Supporting previous research, a new large study has suggested that exposure to media reporting on suicide may lead some vulnerable people to similar behaviour—a phenomenon called suicide contagion—and in some circumstances, may also lead to help-seeking behaviour.
The study, which was conducted by an international research team and published in the Canadian Medical Association Journal (CMAJ), examined media’s reporting of suicide and found significant associations between reporting details and suicide deaths, underscoring the need for “responsible reporting.”
The team of researchers from Canada, Austria, and Australia examined the relationship between potentially harmful and helpful elements of print and online media reports about suicide. They looked at almost 17,000 articles in 13 major publications, including The New York Times, in the Toronto media market and suicide deaths in Toronto from 2011 to 2014. Specifically, the study looked for a link between certain types of reporting and suicide deaths within seven days after the time of publishing.
The research team identified the associations between several specific elements of media reports and suicide deaths, suggesting that reporting on suicide can have a meaningful impact on suicide deaths and that journalists and media outlets should carefully consider the specific content of reports before publishing.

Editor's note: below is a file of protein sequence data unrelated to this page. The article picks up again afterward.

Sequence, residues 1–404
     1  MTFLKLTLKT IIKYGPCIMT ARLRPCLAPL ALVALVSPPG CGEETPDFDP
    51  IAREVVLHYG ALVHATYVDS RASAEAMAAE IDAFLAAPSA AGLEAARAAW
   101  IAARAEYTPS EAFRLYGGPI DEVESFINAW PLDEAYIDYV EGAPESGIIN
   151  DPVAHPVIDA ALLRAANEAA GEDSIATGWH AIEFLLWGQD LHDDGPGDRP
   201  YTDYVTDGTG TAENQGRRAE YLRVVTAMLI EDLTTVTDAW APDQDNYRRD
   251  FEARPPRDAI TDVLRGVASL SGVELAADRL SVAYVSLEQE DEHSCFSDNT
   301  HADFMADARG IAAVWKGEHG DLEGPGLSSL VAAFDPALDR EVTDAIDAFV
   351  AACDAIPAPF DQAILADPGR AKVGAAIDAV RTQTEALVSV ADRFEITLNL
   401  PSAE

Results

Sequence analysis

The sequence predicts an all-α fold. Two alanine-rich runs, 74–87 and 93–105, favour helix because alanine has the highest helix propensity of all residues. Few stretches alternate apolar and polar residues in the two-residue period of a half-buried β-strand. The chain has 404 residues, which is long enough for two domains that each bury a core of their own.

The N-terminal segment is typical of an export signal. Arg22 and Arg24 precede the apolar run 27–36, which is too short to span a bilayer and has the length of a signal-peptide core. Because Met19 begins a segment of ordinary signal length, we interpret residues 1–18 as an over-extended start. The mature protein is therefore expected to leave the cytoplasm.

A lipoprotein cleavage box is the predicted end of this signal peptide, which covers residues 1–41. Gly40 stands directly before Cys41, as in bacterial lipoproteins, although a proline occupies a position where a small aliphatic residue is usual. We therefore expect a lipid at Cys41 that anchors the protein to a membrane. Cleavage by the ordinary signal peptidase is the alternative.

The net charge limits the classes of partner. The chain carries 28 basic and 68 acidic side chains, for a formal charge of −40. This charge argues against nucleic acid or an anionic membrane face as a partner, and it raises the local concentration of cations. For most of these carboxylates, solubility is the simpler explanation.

“It is important for reporters and media outlets to understand that how they report on suicide can have a real impact across the population,” said Mark Sinyor, a psychiatrist at Sunnybrook Health Sciences Centre and the University of Toronto, Toronto, Ontario, adding,”When media reports include resources such as crisis services and messages of hope, it can have a positive impact on the public and potentially help a person in crisis by reminding them that suicide isn’t the only option and that help is available.”
Sinyor explained more that the study emphasises the importance of responsible reporting and identifies that relatively few media reports included helpful information, such as crisis resources and messages of hope.
According to the study, from 2011 to 2014, there were 6,367 articles with suicide as the major focus and 947 suicide deaths in Toronto over the same period. Several elements were associated with increased suicides, such as describing the method, especially in the headline, describing suicide as inevitable and reporting on suicide among celebrities. Articles about murder-suicides were associated with decreased suicides.